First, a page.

North Korea may be readying missile test, timing unclear

In his New Year's address, North Korean leader Kim Jong-un said that the country was in the "final stage" of preparations for ICBM test firing.

South Korea has voiced fears its nuclear neighbor may carry out yet another round of military provocations, including a rumored intercontinental ballistic missile (ICBM) test soon, according to local media reports Thursday.

It has now been speculated that Pyongyang intentionally leaked information about its missiles in order to send a "strategic message" to the incoming Trump government.

"It was different from a conventional Musudan missile in its length and shape", a military source reportedly told South Korean media, referring to the Musudan intermediate-range missile which Pyongyang tested in 2016.

(An extended-range Nodong would still likely fall far short of intercontinental ranges.) Both the untested KN-08 and KN-14 have been seen on video and North Korea watchers - and certainly South Korean intelligence - have a fairly good idea of their dimensions. North Korea is under worldwide sanctions related to its nuclear program since 2006. A road-mobile ICBM could be kept hidden or on the move until fired.

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"I don't recognise the missiles from this description", Joshua Pollack, editor of the US-based Nonproliferation Review told the South China Morning Post.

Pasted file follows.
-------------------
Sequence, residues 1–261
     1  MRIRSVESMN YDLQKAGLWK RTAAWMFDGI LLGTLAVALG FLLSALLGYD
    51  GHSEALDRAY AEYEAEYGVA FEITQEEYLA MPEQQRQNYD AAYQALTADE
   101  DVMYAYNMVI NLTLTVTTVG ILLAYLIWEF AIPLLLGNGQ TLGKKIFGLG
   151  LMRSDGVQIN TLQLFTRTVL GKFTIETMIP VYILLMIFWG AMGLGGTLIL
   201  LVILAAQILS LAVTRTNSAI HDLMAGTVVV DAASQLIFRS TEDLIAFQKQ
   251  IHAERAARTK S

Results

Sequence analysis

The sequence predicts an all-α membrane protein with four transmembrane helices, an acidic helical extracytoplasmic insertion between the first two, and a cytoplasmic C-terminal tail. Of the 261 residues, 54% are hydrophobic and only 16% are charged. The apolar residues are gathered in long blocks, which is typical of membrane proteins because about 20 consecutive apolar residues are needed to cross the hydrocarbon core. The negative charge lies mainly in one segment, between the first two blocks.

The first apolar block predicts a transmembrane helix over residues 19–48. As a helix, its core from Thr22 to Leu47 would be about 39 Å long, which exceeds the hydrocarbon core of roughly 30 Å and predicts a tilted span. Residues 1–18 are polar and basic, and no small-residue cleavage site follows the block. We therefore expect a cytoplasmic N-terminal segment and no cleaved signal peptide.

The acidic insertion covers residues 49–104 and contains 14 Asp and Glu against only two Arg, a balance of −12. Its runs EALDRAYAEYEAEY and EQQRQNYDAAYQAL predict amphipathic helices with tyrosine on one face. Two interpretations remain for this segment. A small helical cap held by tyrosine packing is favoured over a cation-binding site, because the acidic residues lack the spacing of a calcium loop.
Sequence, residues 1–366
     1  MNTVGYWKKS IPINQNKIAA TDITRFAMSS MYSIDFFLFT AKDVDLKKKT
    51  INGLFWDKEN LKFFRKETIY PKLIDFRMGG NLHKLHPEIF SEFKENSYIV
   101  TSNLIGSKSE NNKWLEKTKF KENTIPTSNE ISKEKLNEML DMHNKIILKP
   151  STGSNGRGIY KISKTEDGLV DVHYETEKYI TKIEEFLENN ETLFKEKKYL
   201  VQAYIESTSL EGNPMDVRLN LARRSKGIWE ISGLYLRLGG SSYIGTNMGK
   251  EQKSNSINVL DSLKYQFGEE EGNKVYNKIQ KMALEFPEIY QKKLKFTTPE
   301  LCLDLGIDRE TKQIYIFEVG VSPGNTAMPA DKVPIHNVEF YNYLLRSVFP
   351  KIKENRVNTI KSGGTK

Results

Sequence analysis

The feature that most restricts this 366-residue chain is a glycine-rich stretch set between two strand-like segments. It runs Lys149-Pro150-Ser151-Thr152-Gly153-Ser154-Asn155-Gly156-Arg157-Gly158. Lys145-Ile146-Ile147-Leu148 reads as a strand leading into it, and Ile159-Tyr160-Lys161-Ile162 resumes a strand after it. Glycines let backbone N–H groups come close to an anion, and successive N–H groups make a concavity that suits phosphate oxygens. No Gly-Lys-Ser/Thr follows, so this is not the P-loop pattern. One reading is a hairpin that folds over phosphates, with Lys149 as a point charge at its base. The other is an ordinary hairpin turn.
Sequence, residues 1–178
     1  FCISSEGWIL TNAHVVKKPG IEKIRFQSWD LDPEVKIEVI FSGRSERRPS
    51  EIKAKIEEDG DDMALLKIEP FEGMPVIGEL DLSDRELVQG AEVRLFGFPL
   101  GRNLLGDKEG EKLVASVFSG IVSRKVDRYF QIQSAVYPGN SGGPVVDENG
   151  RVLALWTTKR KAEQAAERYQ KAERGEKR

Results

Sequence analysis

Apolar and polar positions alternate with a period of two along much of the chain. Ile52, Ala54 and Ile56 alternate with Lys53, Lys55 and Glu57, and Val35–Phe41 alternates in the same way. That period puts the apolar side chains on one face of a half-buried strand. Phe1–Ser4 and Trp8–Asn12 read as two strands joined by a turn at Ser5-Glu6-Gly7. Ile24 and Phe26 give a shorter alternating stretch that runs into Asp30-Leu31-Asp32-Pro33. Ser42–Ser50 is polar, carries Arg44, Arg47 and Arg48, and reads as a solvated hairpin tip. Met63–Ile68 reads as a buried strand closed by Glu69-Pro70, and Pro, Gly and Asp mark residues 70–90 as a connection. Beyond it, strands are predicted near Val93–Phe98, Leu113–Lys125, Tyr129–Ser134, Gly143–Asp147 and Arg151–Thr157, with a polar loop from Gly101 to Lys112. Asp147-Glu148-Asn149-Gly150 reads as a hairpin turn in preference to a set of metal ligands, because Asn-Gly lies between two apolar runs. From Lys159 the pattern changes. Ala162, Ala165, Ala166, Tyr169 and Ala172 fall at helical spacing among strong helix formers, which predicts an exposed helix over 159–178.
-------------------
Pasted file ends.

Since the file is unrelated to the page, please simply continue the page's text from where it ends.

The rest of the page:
Previously, Trump tweeted, "It won't happen!" about North Korea's race to develop a nuclear weapon to strike the US.

Making note of North Korea's 2013 plans to "refurbish and restart" its nuclear facilities, the report read, "We assess that North Korea has followed through on its announcement by expanding its Yongbyon enrichment facility and restarting the plutonium production reactor". "We are maintaining readiness under the judgement that the North can launch a missile at any time and any place if the North's leadership has determined", defense ministry deputy spokesperson Lee Jin-woo said in response to questions about the North's road-mobile ICBMs.

North Korea has long claimed that it is developing nuclear weapons as a deterrent against what it calls Washington's hostile policy towards Pyongyang.

  • Carlos Nash